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In recent years, there has been increasing focus within the radiology community about the potential health risks from gadolinium MRI contrast dye, and whether the products leave toxic gadolinium residue in the body.
A growing body of scientific evidence suggests that some type of gadolinium-based contrast agents, which are used to enhance MRI and MRA exams, may leave behind traces in the body, while other types do not.
Gadolinium contained in MRI contrast dyes has to be be put through a process called chelation, which is supposed to prevent the toxic metal from being absorbed into the body, allowing it to pass safely with other waste products. There are two methods to do this, which divides contrast dyes into two categories: linear and macrocyclic gadolinium contrast dyes.
Linear gadolinium contrast agents use a process that wraps the gadolinium ion in an elongated organic molecular ligand, like wrapping a chain around a ball. Macrocyclic gadolinium contrast agents surround the gadolinium ion in a cage-like molecular structure.
Macrocyclic gadolinium is considered to have a more stable structure, which means that it is less likely to lose chelation and thus more likely to be passed through the body without being deposited in organs than linear ionic gadolinium contrast dyes.
Linear gadolinium contrast agents are typically older, and include products like Magnevist, MultiHance, Omniscan and Eovist. Macrocyclic gadolinium contrast agents include products like Gadavist, ProHance and Dotarem.
A number of studies in recent years suggest that linear gadolinium contrast agents are more likely to leave gadolinium behind in the body, which suggests they may be more likely to result in a series of painful and debilitating symptoms commonly referred to as “gadolinium deposition disease,” which may leave individuals with persistent headaches, bone and joint pain, reduced cognitive function and other side effects.
In a study published in the medical journal Radiology in May 2018, German researchers found that after one year, Omniscan (gadodiamide) left a large portion of gadolinium in brain tissue, while repeated injections of Dotarem (gadoterate) left only traces of gadolinium, and those were still intact and chelated.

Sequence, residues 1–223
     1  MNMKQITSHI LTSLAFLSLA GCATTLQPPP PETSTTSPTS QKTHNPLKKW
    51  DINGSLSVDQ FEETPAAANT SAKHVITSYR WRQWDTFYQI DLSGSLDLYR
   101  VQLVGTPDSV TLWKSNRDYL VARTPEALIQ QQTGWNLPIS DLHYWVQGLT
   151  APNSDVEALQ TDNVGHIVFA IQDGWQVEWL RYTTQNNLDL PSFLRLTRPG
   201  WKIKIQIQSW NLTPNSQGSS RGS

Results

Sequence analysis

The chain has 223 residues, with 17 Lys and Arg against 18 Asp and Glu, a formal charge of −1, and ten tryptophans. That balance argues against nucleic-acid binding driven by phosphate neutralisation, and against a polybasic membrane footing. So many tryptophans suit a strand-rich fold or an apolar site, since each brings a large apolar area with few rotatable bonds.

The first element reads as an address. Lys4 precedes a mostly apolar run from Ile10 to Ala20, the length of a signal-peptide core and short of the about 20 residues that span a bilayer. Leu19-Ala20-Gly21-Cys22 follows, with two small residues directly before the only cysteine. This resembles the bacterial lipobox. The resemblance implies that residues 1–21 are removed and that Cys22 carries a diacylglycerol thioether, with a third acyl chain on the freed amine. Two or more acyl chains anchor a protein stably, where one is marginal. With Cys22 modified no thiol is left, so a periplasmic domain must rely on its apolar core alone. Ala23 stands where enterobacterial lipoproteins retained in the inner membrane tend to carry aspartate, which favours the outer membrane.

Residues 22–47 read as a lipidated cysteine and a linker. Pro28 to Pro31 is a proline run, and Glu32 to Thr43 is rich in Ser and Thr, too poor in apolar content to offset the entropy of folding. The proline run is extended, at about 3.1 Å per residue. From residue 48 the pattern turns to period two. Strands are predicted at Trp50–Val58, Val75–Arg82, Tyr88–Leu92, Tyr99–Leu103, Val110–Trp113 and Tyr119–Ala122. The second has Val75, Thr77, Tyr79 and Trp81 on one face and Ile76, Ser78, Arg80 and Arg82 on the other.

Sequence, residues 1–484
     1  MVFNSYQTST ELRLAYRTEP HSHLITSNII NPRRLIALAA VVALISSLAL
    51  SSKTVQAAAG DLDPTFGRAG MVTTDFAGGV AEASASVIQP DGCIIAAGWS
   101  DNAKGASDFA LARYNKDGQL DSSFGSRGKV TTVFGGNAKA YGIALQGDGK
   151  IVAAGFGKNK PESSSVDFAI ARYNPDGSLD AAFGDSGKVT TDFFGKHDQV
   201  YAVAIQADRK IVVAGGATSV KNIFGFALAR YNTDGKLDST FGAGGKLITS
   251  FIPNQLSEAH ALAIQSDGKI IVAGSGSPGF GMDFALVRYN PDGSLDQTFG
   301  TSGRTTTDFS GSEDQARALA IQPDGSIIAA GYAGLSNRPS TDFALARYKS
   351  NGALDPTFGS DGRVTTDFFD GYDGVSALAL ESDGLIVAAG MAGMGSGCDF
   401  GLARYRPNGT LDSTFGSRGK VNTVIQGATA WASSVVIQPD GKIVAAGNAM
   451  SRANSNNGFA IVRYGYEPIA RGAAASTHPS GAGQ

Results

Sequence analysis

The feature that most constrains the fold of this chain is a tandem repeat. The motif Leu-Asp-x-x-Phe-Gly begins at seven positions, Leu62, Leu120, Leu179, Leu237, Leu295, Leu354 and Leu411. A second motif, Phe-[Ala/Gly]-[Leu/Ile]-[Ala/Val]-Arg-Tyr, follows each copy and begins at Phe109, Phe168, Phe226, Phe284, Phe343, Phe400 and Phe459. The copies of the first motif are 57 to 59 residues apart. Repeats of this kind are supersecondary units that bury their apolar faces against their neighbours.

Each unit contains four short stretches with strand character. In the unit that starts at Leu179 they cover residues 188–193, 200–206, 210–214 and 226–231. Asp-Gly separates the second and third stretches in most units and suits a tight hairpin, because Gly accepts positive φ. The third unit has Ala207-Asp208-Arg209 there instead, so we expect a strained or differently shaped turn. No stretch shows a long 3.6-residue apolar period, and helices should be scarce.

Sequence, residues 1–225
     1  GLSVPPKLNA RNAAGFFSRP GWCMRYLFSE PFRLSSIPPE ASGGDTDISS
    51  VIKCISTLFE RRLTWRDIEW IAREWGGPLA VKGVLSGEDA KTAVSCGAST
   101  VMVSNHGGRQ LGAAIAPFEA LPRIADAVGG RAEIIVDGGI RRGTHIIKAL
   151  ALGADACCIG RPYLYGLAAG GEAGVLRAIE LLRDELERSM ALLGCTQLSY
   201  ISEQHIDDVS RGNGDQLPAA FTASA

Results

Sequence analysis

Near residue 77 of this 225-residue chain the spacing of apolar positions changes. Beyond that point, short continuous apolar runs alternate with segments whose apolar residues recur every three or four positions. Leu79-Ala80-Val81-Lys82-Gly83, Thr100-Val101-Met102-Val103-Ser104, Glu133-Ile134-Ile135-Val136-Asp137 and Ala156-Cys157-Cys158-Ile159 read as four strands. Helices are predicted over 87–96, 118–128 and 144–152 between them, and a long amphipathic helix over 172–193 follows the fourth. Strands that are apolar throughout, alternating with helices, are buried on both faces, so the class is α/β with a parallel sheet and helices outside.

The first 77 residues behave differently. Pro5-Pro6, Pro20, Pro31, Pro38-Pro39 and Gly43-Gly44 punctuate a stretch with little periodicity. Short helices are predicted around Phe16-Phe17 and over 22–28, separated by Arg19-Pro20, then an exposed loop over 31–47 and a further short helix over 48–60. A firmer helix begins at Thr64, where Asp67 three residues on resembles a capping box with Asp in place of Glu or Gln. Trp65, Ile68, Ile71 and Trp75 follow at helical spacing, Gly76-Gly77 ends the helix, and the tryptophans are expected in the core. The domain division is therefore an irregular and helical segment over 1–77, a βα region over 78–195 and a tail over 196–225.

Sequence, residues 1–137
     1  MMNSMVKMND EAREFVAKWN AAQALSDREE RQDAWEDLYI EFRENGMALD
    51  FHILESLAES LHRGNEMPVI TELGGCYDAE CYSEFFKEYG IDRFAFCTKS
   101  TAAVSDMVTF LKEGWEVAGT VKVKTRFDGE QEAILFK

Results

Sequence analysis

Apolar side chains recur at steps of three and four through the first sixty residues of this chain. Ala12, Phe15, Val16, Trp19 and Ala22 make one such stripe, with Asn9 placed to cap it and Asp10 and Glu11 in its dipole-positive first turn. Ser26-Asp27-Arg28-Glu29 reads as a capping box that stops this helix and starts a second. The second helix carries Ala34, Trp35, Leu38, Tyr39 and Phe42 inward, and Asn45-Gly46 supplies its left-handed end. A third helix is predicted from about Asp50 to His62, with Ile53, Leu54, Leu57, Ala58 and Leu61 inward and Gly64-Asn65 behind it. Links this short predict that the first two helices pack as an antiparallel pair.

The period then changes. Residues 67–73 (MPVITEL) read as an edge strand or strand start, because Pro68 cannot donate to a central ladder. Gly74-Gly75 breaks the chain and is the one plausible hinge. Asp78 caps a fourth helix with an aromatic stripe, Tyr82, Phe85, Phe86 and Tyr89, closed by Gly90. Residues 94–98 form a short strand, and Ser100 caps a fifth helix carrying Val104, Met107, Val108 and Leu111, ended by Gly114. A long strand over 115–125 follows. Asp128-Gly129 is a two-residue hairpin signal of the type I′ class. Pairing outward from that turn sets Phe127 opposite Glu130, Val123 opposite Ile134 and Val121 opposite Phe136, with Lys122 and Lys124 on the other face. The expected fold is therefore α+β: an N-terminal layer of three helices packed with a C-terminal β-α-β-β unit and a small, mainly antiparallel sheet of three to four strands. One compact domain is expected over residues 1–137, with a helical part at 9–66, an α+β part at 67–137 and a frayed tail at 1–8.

Another study, published by Japanese researchers in Radiology in January 2015 found that traces of gadolinium left by linear MRI contrast dyes caused hyperintense images in MRI scans. Macrocyclic gadolinium contrast dyes caused no such hyperintensity.
In 2017 European regulators restricted or suspended the use of some linear gadolinium MRI contrast dyes due to concerns over gadolinium toxicity. The manufacturers of two linear contrast dyes, Ablavar and OptiMark also voluntarily removed their dyes from the market.
Another study, published just last month found no toxic symptoms linked to Dotarem. Researchers collected data on patients who underwent contrast-enhanced MRI scans using Dotarem and looked for hypersensitivity reactions, diagnoses of nephrogenic systemic fibrosis (NSF), reports of chronic pain and post-contrast acute kidney injury, and other symptoms commonly linked to gadolinium deposition disease. The researchers found no cases of NSF and only two cases of hypersensitivity out of 23,000 MRI scans.
NSF is a more severe and debilitating form of gadolinium toxicity that has been identified by health officials as a risk of individuals with kidney impairment. However, recent concerns have also extended to individuals without any kidney problems, who may be left with gadolinium in their body following use of linear contrast agents.
In December 2017, the FDA issued a drug safety communication for MRI contrast agents, providing new information about the risk of gadolinium retention and potential side effects for individuals with normal kidney function.
Manufacturers of linear gadolinium contrast agents now face a growing number of MRI dye toxicity lawsuits, which are being pursued by individuals who claim the products left them with debilitating health problems, after gadolinium was retained in their body.